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Tuesday, 6 September 2005

The Quickest Way To Assess Asthma In Children

New equipment at Sydney Children’s Hospital Randwick is being used to more rapidly detect asthma in children, as well as its level of severity and how well treatment is working.

Asthma in children can be poorly assessed and poorly treated often because of a lack of suitable tools to measure the process.

A Nitric Oxide Analyser, or Niox machine, measures the nitric oxide concentration in the exhaled breath of children, and this is the key to the machine’s success in asthma detection and treatment. Asthma and hay fever comprise a special type of inflammation that produces identifiable levels of nitric oxide that can be measured by the Niox machine.

It is the only machine in Australia being used exclusively on children. Its purchase by the Respiratory Medicine team at Sydney Children’s Hospital was courtesy of a generous donation of funds from Nicole Kidman.

“This turns out to be a much more sensitive way of detecting the severity of the process, more so than the conventional lung function testing and much more accurate than the stethoscope,” said Dr John Morton, Head of Respiratory Medicine at Sydney Children’s Hospital.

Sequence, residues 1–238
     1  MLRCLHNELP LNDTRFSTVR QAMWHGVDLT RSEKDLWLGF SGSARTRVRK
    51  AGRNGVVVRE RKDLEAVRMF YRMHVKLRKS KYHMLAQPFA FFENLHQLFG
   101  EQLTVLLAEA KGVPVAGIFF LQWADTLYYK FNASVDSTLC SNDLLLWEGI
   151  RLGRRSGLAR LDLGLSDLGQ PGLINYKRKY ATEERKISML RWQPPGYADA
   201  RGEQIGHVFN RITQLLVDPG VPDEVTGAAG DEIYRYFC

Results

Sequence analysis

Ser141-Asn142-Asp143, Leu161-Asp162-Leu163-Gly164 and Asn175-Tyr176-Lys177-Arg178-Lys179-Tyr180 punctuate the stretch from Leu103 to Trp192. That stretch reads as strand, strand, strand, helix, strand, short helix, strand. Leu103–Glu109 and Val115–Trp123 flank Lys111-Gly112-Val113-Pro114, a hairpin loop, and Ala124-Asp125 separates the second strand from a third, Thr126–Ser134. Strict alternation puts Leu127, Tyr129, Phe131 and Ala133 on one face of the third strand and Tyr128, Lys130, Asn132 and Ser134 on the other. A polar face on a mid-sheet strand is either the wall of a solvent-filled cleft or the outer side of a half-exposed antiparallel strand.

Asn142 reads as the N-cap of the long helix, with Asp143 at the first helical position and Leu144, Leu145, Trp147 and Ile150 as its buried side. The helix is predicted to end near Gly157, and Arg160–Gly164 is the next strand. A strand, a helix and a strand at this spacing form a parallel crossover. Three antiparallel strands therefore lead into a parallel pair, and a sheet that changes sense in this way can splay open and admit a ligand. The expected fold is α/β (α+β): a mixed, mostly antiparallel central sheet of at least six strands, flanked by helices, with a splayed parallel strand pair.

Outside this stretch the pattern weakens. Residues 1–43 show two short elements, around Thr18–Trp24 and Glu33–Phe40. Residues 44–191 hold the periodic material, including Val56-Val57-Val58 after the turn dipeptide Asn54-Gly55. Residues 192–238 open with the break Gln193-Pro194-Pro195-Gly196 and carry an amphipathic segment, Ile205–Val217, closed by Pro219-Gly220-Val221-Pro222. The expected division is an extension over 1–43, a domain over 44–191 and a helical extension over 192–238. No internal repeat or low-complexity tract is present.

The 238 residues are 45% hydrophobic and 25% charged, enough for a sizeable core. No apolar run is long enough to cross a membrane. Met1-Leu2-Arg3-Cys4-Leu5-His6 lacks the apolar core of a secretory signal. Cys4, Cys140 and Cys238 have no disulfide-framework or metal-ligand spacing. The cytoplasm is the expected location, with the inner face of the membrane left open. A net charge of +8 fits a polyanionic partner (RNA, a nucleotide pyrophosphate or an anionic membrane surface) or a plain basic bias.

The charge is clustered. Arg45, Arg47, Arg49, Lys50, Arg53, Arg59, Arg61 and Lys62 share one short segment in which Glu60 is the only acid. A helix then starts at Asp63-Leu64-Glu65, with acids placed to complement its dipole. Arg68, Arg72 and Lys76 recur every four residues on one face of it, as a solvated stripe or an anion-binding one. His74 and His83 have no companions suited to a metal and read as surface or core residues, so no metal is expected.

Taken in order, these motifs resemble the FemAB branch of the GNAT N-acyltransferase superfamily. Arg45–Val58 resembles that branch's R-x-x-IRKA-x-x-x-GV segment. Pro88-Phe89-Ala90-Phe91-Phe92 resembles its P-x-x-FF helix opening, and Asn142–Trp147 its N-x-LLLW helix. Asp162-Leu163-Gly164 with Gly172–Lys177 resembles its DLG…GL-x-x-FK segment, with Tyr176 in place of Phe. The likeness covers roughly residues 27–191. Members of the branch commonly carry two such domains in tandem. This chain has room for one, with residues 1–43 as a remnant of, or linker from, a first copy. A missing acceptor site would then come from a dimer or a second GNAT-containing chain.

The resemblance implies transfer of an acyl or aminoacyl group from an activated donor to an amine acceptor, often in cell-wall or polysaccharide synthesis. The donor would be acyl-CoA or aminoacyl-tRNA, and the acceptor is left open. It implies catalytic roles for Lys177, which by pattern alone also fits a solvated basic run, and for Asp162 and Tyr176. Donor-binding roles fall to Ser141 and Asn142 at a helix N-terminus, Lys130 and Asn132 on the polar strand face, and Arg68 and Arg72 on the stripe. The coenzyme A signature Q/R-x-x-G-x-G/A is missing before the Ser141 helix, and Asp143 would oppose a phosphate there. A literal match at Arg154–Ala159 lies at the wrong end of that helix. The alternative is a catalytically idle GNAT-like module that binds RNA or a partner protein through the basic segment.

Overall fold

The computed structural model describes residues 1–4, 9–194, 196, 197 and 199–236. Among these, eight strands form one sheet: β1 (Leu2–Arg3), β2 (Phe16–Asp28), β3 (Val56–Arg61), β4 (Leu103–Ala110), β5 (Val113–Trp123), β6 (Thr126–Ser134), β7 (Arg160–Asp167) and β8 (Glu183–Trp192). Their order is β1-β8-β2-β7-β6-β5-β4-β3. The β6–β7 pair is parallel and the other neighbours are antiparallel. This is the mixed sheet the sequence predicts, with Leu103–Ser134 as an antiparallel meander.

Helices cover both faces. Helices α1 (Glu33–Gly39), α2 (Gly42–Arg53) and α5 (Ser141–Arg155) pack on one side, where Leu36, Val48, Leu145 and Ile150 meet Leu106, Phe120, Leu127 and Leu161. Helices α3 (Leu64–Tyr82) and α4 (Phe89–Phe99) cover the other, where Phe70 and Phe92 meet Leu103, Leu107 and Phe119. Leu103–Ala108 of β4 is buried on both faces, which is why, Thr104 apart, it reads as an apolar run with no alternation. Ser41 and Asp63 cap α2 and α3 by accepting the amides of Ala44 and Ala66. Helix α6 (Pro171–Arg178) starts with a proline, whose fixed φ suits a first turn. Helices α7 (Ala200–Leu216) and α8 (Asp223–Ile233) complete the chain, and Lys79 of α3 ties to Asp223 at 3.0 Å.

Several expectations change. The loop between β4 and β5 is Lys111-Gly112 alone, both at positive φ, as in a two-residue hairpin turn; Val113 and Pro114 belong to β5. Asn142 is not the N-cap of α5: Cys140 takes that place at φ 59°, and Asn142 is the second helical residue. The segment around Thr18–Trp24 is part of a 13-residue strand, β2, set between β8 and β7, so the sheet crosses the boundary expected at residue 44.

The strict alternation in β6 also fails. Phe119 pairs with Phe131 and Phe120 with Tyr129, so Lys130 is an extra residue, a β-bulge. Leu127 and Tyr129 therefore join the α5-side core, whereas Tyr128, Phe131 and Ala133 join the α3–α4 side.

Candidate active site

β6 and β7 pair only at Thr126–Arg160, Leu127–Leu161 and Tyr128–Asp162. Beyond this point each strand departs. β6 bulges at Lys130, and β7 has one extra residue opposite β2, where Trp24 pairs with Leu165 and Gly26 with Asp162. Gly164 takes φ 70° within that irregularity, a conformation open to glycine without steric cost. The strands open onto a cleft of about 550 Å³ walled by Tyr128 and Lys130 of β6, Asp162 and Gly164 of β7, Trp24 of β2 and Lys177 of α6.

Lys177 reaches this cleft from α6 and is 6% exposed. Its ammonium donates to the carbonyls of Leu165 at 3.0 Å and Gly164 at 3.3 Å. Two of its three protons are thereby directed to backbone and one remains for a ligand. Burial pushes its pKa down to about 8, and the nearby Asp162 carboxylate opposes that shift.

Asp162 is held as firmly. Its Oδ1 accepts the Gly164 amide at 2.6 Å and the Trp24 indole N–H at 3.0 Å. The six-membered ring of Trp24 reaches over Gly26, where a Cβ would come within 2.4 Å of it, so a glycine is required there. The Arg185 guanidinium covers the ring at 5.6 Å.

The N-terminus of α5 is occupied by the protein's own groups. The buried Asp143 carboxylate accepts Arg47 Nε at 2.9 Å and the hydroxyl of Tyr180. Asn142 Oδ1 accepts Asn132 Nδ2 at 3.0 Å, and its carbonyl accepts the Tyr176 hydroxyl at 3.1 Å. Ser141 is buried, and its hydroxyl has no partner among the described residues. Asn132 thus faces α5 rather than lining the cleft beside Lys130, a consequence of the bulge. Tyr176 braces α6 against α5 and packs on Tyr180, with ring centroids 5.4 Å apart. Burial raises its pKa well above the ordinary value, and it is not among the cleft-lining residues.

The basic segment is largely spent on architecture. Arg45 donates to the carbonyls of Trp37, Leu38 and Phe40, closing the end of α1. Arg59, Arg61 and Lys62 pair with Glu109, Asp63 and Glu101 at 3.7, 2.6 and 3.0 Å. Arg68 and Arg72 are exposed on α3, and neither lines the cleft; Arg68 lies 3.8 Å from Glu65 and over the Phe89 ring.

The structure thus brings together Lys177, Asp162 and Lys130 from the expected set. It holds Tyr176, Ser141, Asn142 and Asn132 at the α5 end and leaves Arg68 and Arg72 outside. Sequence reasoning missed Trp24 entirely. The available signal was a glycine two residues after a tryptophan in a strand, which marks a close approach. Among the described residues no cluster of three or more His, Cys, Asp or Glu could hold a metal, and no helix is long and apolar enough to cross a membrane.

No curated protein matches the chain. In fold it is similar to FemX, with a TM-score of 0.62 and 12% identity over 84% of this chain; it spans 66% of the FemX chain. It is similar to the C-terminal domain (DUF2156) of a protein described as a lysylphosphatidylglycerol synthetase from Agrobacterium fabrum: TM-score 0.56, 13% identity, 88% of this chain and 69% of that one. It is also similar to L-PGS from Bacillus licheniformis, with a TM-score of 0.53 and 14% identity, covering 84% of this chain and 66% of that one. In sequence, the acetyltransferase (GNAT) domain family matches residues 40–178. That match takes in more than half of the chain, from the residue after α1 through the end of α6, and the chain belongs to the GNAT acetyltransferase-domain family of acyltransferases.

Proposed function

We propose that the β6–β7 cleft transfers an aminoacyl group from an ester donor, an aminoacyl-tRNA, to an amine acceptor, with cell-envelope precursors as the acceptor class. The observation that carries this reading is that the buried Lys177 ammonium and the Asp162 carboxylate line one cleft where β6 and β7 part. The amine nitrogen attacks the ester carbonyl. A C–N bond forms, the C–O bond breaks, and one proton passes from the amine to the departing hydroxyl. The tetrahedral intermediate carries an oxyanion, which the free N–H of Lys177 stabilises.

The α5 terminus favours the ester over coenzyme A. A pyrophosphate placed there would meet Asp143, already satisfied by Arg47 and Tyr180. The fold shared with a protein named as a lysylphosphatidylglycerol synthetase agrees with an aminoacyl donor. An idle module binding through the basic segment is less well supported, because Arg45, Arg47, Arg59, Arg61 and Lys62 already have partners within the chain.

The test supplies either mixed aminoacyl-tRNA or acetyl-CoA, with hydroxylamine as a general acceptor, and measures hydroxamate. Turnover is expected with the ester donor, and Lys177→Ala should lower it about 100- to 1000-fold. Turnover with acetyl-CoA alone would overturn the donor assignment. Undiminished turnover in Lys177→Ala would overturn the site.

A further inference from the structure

The machine can not only help in determining whether a child has asthma and it’s level of severity, but can also indicate if the child is taking their medicine and how adequate their level of treatment is.

The Niox machine has also been used in research by the Respiratory Medicine Unit at Sydney Children’s Hospital as a guide to the efficiency of new treatments.

“We are just in the process of establishing normal values of Nitric Oxide for Australian kids. This type of machine means that each child’s asthma can be accurately assessed and treated,” said Dr Morton.

National Asthma Week begins Thursday 1 September to Wednesday 7 September.

For Further Information Contact:

Iain Robinson, Public Affairs Department on (02) 9382 3578 or 0404 001 722.



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